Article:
Saturday, November 13, 2010

Join The Club

My mom, who is a member of a book club, has been calling me up every few weeks to bitch about her reading choices. "Eat Pray Love is terrible," she groaned. Having read the dust jacket and seen the trailer for the movie (the thesis of which seems to be "Isn't Julia Roberts just swell?"), I wholeheartedly agreed with that sentiment. That woman, the one with the smug writing style and the white-lady travels to Bali, Belize, and some guy's futon, was a huge source of derision for my mom and I - she having had the reading experience, and me being the knee-jerk judgmental reactionary I am.

My mom has had mixed success with book clubs, as have I. My favourite book club story is when she sent me on a search for Sophie's World, the mega-bestseller about philosophy and adolescence, two of my least favourite things. I spent almost an hour in the second-hand bookstore, combing the S section, gave up in frustration, and then got uproariously laughed at by my mother, who informed me that the author was Jostein Gaarder, not Joe Steingardner. Mission eventually accomplished, but like, come on. The book, which was like, seven hundred pages of philosophical, sophomoric, moronic gabbling, was not well received at casa di Mama.

When I was a youth, I was in a book club, along with several other of the less social successful kids in my fourth-grade class. We read titles like Maniac Magee, The Bridge To Terabithia and The Great Gilly Hopkins (whose name I'll admit to still not knowing how to pronounce). We had meetings at one of the many Jennifers's house - there were seriously, like, eight Jennifers in my class that year - and she was one of those kids who had been saddled with all the unfortunate allergies and/or hypersensitive parents. Her birthday cake, which weighed an easy ten pounds, was made of rice flour and stevia. Anyway, I was lucky to come of age when some classic kids lit was being written - Gordan Korman novels, Paula Danziger books, all the Newbery award winners that were thought-provoking and well-written.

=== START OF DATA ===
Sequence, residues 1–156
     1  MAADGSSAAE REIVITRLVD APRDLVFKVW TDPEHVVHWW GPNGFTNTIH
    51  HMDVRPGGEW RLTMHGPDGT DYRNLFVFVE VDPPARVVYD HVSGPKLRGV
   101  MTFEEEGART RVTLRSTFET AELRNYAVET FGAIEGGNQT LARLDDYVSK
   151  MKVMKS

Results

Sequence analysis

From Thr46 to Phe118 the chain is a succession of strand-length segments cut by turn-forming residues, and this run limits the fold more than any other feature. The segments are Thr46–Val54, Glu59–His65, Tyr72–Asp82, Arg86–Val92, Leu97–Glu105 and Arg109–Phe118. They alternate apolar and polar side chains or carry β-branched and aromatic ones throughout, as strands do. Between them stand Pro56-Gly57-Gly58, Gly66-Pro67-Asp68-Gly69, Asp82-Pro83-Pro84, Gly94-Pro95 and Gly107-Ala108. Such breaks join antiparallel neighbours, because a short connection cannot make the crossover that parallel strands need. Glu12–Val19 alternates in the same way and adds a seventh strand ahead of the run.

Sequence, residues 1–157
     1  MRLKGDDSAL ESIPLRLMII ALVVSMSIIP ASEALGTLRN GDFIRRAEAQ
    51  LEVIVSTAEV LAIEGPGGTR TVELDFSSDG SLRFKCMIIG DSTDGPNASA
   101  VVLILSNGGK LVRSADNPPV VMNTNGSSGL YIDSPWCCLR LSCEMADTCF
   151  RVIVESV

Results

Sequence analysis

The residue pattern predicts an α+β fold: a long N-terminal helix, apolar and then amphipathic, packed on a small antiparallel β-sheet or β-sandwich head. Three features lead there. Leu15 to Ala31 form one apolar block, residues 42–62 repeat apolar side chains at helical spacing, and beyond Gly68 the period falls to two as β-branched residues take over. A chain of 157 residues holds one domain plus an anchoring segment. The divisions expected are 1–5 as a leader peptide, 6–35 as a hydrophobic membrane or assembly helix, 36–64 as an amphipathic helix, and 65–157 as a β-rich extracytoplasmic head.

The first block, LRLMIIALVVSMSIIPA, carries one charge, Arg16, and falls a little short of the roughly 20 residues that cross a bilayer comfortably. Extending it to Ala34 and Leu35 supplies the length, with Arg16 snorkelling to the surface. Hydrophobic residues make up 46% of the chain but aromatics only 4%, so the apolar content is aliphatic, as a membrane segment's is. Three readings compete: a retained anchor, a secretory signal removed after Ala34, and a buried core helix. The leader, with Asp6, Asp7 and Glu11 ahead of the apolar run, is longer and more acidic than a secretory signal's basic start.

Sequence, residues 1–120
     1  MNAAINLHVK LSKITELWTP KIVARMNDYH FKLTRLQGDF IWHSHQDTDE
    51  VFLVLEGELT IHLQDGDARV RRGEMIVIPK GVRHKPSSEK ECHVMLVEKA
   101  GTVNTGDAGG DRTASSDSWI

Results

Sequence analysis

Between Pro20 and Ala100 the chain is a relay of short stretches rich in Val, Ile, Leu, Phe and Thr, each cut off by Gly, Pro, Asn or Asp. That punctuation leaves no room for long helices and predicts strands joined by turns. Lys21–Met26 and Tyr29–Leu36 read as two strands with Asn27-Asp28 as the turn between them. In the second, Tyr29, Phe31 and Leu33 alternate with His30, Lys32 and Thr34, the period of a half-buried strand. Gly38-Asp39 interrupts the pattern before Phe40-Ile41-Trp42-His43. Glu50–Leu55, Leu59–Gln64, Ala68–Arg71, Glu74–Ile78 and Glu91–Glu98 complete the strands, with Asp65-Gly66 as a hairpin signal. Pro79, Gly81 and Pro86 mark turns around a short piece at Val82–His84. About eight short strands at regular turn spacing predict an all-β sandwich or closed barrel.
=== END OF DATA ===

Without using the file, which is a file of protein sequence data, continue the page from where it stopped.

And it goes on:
I know Oprah thundered all over the concept of the book club in recent years, and the subsequently embarrassment of the Frey debacle sort of took the wind out of her sails a little. Not to mention Franzen and his eff-you take on the whole phenomenon. I do like a good book club, though - Canada Reads is an especially good one, what with the whole home-grown bent and the fight-to-the-death element that's so pleasing. But really, any old group of folks can get together in the name of literature.

We tend to want to share the things we love, be it books, movies, comics, music. One of the best variations on the "club" theme was the Music club one of my friends joined. Each member chose two albums to listen to, and discussion ensued. Themes and similarities were debated and discounted, and the whole undertaking could be as shallow as a cursory listen on the subway, or an obsessive, repetitive round that both destroys and rebuilds the soul - you know, whatevs. But no matter what kind of media you're delving into, it's not about the's about the community.

I miss the days of my childhood book club, mostly because I still love reading books meant for children, but also because books are amazing, life-changing ways of accessing emotions and information. I miss sitting down with the written word, knowing that, at some point, I was going to talk about it. Maybe my early years as a reader helped shape my interminable stint as an English student, or my writing, or the miles of bookshelves I've stuffed with my favourites. I believe early access to reading helps make readers, the way dancing with my dad to Mike Oldfield helped shape my interest in electronic music. And early access to other people makes children into human beings. Book clubs? That's some good humanity right there.

1 comment:

  1. Par for the course Co-op response, but...Co-op could use a book club.